Guidelines on Competition Compliance Programs – CADE

February 23, 2016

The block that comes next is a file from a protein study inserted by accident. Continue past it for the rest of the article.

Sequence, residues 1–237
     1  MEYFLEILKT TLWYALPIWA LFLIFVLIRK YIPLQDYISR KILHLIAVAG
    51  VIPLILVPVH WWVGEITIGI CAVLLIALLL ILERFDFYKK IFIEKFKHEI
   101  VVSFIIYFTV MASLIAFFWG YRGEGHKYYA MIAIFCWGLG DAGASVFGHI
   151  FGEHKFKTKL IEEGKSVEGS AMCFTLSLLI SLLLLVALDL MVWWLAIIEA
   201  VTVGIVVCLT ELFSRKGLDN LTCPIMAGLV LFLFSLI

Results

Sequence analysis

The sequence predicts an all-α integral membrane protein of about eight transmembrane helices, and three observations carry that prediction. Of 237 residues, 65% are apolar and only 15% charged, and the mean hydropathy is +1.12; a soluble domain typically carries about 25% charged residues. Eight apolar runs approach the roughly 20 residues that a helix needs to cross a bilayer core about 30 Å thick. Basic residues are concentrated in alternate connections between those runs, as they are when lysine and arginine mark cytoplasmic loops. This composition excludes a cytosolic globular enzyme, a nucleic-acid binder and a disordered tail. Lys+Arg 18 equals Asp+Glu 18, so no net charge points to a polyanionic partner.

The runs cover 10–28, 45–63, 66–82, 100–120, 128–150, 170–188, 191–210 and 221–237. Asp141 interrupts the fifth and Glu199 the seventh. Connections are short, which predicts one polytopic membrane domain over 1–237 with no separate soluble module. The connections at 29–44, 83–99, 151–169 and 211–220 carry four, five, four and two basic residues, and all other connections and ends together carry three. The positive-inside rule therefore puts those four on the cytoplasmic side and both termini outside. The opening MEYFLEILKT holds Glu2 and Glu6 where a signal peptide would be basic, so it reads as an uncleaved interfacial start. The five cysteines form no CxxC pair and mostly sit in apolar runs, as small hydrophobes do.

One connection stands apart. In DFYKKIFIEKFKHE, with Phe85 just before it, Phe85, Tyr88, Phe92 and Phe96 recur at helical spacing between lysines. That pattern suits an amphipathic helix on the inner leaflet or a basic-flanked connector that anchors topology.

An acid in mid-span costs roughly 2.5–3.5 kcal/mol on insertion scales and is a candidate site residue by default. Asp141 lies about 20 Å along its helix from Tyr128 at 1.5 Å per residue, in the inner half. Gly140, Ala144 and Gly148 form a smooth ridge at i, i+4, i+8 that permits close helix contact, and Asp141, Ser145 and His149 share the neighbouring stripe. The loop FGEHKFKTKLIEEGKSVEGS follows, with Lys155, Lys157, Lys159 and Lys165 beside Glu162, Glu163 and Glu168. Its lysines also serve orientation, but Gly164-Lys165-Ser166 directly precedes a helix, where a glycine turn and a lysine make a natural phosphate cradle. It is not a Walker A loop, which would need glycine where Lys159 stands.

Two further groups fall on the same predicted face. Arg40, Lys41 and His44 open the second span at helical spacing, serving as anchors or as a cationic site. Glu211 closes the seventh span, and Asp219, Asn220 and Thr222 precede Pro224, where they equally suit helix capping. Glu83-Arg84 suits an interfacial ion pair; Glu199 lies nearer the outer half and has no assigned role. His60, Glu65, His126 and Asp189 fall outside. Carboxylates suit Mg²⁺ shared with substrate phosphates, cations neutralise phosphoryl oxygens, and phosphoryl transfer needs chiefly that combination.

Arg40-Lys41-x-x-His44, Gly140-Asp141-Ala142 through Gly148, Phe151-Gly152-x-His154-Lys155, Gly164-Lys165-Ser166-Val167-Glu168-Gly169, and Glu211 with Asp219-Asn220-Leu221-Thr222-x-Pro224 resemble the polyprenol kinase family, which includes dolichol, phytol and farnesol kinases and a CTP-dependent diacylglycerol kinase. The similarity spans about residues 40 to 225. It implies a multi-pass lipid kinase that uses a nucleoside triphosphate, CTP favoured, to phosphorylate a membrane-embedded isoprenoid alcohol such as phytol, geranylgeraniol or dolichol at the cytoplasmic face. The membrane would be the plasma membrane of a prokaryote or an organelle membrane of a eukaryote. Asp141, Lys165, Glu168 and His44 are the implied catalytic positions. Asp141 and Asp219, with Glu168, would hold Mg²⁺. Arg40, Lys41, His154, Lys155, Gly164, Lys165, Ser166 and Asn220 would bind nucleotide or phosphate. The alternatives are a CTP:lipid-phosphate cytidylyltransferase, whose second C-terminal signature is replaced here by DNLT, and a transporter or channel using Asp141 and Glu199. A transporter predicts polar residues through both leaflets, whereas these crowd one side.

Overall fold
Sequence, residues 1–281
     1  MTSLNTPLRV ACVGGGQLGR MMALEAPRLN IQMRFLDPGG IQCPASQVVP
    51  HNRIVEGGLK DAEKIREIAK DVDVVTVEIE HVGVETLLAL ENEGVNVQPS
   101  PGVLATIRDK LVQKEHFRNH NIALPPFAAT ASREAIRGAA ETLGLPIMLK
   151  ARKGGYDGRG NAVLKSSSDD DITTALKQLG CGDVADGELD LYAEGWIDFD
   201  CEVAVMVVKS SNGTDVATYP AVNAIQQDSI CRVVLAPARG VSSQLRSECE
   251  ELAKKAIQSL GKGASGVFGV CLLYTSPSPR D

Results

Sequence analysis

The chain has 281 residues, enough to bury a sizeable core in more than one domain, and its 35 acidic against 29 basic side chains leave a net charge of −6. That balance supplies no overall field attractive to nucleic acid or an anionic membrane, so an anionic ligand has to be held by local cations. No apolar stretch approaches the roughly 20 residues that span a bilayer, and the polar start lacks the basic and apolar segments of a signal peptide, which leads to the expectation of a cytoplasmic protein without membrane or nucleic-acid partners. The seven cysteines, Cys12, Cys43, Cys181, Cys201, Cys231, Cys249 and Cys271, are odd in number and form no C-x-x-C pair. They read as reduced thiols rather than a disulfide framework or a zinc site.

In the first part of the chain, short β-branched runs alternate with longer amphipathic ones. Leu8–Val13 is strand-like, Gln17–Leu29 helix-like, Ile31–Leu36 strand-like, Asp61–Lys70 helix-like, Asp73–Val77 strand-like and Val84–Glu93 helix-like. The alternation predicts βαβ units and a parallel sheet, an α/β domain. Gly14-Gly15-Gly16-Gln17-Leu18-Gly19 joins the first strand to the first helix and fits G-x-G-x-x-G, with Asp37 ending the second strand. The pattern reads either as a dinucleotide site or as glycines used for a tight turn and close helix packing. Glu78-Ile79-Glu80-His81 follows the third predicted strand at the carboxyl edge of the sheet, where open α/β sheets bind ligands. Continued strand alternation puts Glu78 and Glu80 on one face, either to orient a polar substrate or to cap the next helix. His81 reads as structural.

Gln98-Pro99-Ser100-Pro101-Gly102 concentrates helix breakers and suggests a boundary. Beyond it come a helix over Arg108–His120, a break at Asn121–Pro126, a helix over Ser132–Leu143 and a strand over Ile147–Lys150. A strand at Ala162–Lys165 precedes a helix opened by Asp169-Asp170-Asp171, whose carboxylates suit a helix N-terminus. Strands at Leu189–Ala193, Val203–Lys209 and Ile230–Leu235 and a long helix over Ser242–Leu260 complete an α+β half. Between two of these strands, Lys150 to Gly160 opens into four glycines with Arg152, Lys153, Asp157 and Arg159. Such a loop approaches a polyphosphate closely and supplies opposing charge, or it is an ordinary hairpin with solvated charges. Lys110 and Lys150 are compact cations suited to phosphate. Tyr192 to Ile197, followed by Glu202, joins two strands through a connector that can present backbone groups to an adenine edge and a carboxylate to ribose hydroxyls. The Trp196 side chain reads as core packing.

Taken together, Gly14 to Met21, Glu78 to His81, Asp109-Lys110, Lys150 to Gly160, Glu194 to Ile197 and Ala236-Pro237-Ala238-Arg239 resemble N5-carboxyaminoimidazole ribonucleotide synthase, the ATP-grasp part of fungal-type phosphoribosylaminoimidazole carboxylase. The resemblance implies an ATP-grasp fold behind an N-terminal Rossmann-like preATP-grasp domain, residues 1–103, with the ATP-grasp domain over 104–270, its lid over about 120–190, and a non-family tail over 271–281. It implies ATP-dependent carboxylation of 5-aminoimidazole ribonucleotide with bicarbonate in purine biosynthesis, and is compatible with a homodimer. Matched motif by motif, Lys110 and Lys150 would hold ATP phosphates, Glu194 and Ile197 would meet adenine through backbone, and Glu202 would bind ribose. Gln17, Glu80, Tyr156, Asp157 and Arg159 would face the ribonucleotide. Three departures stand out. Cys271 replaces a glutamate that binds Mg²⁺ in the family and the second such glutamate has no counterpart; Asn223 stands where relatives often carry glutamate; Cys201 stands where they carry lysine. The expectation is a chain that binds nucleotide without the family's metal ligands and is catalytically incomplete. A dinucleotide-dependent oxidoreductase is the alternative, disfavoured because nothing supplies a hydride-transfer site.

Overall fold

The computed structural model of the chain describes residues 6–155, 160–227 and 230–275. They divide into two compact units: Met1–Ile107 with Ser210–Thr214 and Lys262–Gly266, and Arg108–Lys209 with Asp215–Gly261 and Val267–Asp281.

CADE publishes an English version of its Guidelines on Competition Compliance ProgramsOn February 18, 2016, the Brazilian competition authority (Administrative Council for Economic Defense – “CADE”) released an English version of its Guidelines on Competition Compliance Programs (the “Guidelines”). The purposes of the document, which is non-binding and focuses on unilateral and collusive anticompetitive conducts, are to (i) explore the benefits of compliance programs for companies; and (ii) provide details on the do’s and don’ts that companies must consider while structuring a sound compliance program to mitigate antitrust risks arising from their commercial activities.According to the Guidelines, in addition to helping companies to substantially reduce antitrust risks, compliance programs are also beneficial to companies in the event that CADE opens an investigation against them. In such a scenario, should a company decide to settle with CADE, a fully operational compliance program within the company, or the proposition of a commitment to amend or set one up, may positively impact the discount from which the company will benefit in its fine. Moreover, if a company decides not to settle, and CADE eventually determines that such company did engage in anticompetitive behavior, the fact that it has an effective compliance program in place may be deemed as evidence of the company’s ‘bona fide,’ in which case CADE may levy a lower fine. Companies that implement ‘Sham programs’ – those that do not resonate with the companies’ corporate culture and are systematically ignored by employees – will not be entitled to the above mentioned fine-reduction benefits.Not only do the Guidelines provide details on general requirements that robust and effective compliance programs must meet, they also explore particularly relevant situations from an antitrust standpoint that are common to certain markets. One of such situations is when a company takes part in Standard-Setting Organizations (“SSOs”), which establish quality standards for products and issue certificates ensuring that companies comply with such standards.The Guidelines acknowledge the generally procompetitive nature of SSOs. By fostering security, improving the overall quality of products, and bringing transparency to the requirements that certain goods and services must comply with, SSOs increase competition and benefit consumers by lowering entry barriers, for example. The Guidelines however note that SSOs may raise antitrust concerns when they impose excessively restrictive standards, or standards that require significant up-front investments. In such circumstances, SSOs may unreasonably raise entry barriers and compromise innovation.In light of the antitrust risks associated with SSOs, the Guidelines recommend that company representatives refrain from discussing sensitive information as well as any kind of coordination matters between competitors when attending SSO meetings. Importantly, the Guidelines also suggest that, when attending meetings with competitors, company representatives should not take part in illegal activities even if they are ‘officially approved’ by the group holding the meeting, or by other interested parties. Moreover, the Guidelines recommend that companies should review all formal content issued by the SSO and that compliance teams should be immediately contacted if any illegal behavior is witnessed at SSO meetings.The Guidelines also contain suggestions on how SSOs should handle information between competitors in a manner that does not raise antitrust concerns. The Guidelines recommend that SSOs should collect information from members in an individual and confidential manner, prefer historical data, always disclose information in an aggregated form, and refrain from circulating sensitive information (e.g., current and future prices, costs, production levels, inventories). Lastly, SSOs should always use non-discriminatory criteria for admission of new members.How the Guidelines will influence future litigation involving SSOs is still uncertain.The Guidelines are available here.